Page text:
The German mission began excavations in Uruk in 1973-74, where it found clay tablets on which the Epic of Gilgamesh, the legendary god, was inscribed. The Pergamon Museum in Berlin, which held a special exhibition in 2013 on the history of Uruk, has some of these tablets on display.

Mehr showed the workshop of the German mission, where dusty files were piled up as well as hundreds of artifacts in baskets and excavation tools.

Not far from the site, the railway tracks built by the Germans still hold the rusty carts that were used to transport debris. Now, they’re nothing but a pile of junk.

Many of Iraq's historical sites only employ one or two guards, as the excavation works in the country ended decades ago because of the various wars.

Shawan Daoudi, a member of parliament and member of the Iraqi Parliamentary Culture Committee, told Al-Monitor, "The Iraqi parliament called on the government to take extraordinary measures to preserve the Iraqi archaeological sites, most notably Uruk."

However, Daoudi himself believes that “these measures will not see the light in the near future as the government is preoccupied with merging the Ministry of Tourism and Antiquities with the Culture Ministry. Moreover, the excavation projects — which the Ministry of Tourism and Antiquities is in charge of — have only been ink on paper since 2003.”

Iraqi Prime Minister Haider al-Abadi decided Aug. 16 to merge the Ministry of Tourism and Antiquities with the Ministry of Culture to reduce government expenditures.

Iraqi Minister of Tourism and Antiquities Liwa Smaisim had admitted in a press statement in 2013 to the neglect of Uruk, promising a contingency plan to save the city.

Ahmed al-Khafaji, an academic from the Hospitality and Tourism Institute who worked in the antiquities department in Babil for about 20 years before retiring in 2002, told Al-Monitor that this plan has yet to materialize. “The minister’s promises have yet to be achieved and Uruk has remained unchanged just like most of the archaeological areas of Iraq that suffer not only from neglect but also lack protection," he said.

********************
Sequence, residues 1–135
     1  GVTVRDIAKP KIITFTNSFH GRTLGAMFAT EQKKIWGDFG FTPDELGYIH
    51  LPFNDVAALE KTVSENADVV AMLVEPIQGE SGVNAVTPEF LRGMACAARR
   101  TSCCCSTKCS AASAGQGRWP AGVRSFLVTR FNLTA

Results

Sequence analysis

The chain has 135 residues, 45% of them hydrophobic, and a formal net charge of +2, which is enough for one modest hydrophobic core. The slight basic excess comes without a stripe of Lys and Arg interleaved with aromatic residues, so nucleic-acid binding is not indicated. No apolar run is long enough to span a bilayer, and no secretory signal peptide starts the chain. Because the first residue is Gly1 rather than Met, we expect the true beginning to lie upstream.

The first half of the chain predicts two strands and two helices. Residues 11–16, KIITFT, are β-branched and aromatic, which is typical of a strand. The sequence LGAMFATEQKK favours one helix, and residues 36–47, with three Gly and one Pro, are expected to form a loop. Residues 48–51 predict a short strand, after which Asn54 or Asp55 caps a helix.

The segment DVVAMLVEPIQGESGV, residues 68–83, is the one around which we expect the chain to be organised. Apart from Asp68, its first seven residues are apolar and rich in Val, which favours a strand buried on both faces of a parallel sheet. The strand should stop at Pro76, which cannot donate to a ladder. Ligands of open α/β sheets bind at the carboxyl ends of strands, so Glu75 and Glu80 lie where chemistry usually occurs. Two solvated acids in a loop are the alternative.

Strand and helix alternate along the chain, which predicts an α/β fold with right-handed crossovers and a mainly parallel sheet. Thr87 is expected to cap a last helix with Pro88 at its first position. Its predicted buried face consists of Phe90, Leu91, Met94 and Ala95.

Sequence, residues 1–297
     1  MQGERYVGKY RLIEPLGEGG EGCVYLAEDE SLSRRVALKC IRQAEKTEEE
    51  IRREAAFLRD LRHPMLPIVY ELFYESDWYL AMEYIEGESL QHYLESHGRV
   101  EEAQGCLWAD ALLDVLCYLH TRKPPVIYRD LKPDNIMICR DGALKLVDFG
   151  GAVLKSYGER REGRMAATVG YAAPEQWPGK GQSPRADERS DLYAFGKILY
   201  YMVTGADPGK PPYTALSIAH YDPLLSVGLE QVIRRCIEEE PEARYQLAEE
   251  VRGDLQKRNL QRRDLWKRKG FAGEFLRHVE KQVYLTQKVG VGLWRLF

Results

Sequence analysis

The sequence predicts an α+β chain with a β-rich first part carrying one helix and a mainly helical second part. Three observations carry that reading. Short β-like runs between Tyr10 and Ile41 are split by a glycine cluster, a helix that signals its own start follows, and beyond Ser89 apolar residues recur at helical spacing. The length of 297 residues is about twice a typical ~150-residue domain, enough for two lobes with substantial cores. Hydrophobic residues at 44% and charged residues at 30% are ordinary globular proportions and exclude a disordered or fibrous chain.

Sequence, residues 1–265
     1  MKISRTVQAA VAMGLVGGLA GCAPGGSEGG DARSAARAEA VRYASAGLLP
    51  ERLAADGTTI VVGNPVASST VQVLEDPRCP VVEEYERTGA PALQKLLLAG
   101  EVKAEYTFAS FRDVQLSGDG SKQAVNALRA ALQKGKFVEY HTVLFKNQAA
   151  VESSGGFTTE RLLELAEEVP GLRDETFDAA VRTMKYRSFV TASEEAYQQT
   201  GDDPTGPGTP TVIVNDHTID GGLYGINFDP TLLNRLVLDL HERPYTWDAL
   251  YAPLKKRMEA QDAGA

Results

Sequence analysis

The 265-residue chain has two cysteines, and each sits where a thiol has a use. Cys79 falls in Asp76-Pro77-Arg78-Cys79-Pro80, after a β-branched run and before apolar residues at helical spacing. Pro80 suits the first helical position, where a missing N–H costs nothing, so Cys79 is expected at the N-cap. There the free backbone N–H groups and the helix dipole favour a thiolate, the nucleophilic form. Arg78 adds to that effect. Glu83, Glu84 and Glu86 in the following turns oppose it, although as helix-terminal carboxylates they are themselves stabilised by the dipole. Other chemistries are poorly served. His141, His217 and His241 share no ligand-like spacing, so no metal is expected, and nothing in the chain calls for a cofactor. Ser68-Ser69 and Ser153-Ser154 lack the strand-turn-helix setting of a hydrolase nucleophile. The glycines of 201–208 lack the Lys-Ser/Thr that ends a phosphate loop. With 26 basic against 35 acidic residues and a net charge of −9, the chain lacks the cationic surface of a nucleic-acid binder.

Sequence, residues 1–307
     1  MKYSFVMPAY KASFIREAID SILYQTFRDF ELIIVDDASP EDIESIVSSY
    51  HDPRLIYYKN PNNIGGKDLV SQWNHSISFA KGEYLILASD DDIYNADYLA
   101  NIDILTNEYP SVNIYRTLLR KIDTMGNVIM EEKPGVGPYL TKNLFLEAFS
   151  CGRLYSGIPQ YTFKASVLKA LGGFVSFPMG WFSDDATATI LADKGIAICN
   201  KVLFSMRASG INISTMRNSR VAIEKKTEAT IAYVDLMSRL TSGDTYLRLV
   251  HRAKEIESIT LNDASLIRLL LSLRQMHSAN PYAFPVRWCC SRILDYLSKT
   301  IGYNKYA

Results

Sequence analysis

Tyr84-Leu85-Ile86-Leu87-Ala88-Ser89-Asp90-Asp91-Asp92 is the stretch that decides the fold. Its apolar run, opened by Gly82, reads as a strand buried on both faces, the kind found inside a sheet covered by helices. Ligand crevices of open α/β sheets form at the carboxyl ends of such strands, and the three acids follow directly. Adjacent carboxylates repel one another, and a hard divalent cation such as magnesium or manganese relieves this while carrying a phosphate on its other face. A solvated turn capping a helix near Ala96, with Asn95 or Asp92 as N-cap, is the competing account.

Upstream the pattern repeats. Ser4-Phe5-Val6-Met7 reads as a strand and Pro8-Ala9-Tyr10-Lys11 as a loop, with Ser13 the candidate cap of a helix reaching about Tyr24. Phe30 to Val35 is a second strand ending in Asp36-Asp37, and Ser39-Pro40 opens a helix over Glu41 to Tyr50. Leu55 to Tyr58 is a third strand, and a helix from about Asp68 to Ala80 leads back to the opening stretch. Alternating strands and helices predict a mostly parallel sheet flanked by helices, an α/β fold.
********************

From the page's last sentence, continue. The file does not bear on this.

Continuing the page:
To the question of what might be the solution, Khafaji replied, "The solution is to facilitate private sector investments and to draw up contracts with international excavation missions to salvage buried monuments."

The reputation of the ancient city of Uruk became world news in 2003, following the looting of a rare archaeological object from the National Museum of Iraq in Baghdad. This artifact, called the Mask of Uruk, dates back to 3100 B.C., and was discovered in 1938 and represents the face of the goddess Inanna, or one of her priestesses.

Archaeological researcher Hassan Hamza, who closely follows the situation at Uruk and collects information on the geology of the region, pointed to the wall and told Al-Monitor during a private tour, "This wall that contains black bricks is the remains of the Akitu Temple. Excavations uncovered the foundations of the Akitu Temple where religious ceremonies were held."

Five hundred meters (0.3 miles) from the ziggurat, there is a deep well whose walls are padded with bricks and which has remained in tact for thousands of years.

Awsaf al-Zalimi, head of the Committee of Tourism, Culture and Antiquities at the Muthanna provincial council, told Al-Monitor, "The most important achievement in preserving the archaeological monuments of Uruk was their inclusion on the list of World Heritage Sites in April 2015."

But this achievement will only be complete when the premises are rehabilitated, archaeological monuments are extracted and the site is turned into a tourist attraction, to provide the funds for excavation and development activities.